If you’ve ever seen a mock-up drawing of what people in the past thought the future would look like—robot maids are usually involved—you know that technological advancement is hard to fully grasp.
Sometimes, the best that real-world technology can offer is a bland placeholder (looking at you, vacuum cleaners) until further and more widespread innovation comes along. If this is true for household cleaning, it is also true for teaching biology.
Ten years ago, U of T professor Melody Neumann wanted to teach her second-year biology students about the complexities behind cell mechanisms. As it turns out, these nuances are really hard to grasp. There are a multitude of processes happening simultaneously, Neumann says, and it’s nearly impossible to fully understand when you can’t actually see it happening. Unfortunately, there was no readily available way for Neumann’s students to do that.
“There was a real dearth of cartoon animations,” Neumann says. “I would trawl the Internet for good ones, but there was nothing satisfactory out there. The ones I found were full of errors.”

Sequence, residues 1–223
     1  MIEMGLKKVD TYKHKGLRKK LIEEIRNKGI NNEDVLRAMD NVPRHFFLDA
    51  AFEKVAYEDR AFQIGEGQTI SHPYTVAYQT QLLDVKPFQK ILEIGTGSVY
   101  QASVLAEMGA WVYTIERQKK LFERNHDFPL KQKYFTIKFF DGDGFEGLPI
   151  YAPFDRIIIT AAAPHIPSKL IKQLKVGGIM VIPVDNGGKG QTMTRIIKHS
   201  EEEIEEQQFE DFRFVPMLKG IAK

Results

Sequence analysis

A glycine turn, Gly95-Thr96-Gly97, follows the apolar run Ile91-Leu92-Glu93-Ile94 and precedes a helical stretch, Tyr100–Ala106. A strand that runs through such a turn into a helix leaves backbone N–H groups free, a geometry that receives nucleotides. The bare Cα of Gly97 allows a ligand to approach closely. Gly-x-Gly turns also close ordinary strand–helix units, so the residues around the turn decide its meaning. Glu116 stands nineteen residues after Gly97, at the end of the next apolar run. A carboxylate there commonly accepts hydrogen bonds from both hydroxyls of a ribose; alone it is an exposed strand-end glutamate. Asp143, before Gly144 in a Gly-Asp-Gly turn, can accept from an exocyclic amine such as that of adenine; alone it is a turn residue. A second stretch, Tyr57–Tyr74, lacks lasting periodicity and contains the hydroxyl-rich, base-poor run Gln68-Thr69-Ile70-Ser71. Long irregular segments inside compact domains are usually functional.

So Neumann got an ITIF grant, and hired a developer to make the half-dozen or so animations she thought her students needed. She was able to match the way the animations were labeled to the textbook she was using, to make the transition seamless.
“Now it looks hokey,” Neumann says, “but it was cutting edge then.”
Some of the animations were even interactive via an online link, after they were shown in class. And hokey or not, they did exactly what they were supposed to do.
“The students found it really useful,” Neumann says. “Students and instructors loved them. It’s so much easier teaching certain processes with them.”
Neumann compiled student data after polling students for their reactions, and got an overwhelming response that it was important for their learning. In fact, they requested more of them. The textbook company was even close to buying the animations at one point, before that fell through. Beyond their interest, though, Neumann realized an even greater hidden benefit from her animations: she was learning a few things, too. Namely, that there were things she didn’t know.
“When you have three static images in a row, you brain fills in the movement,” Neumann explains, referring to the preferred method before her animations. “But in animating, you have to learn how exactly the movement in the cell happens. And it’s unexpected to find out how much we don’t know. We just made our best guess. It’s a good teaching point.”
Now, Neumann says that a coming change in textbooks will signal the end of the line for her animations. In 2014, there are a number of good animations being developed, and they come integrated with the newer and more up-to-date textbooks. It only took about a decade for the industry to catch up to Neumann.
‘I think [10 years] is a pretty long time. I think it filled a really important gap at that time, even though things have caught up now,” Neumann says fondly.
“I’m pleased they had that longevity.”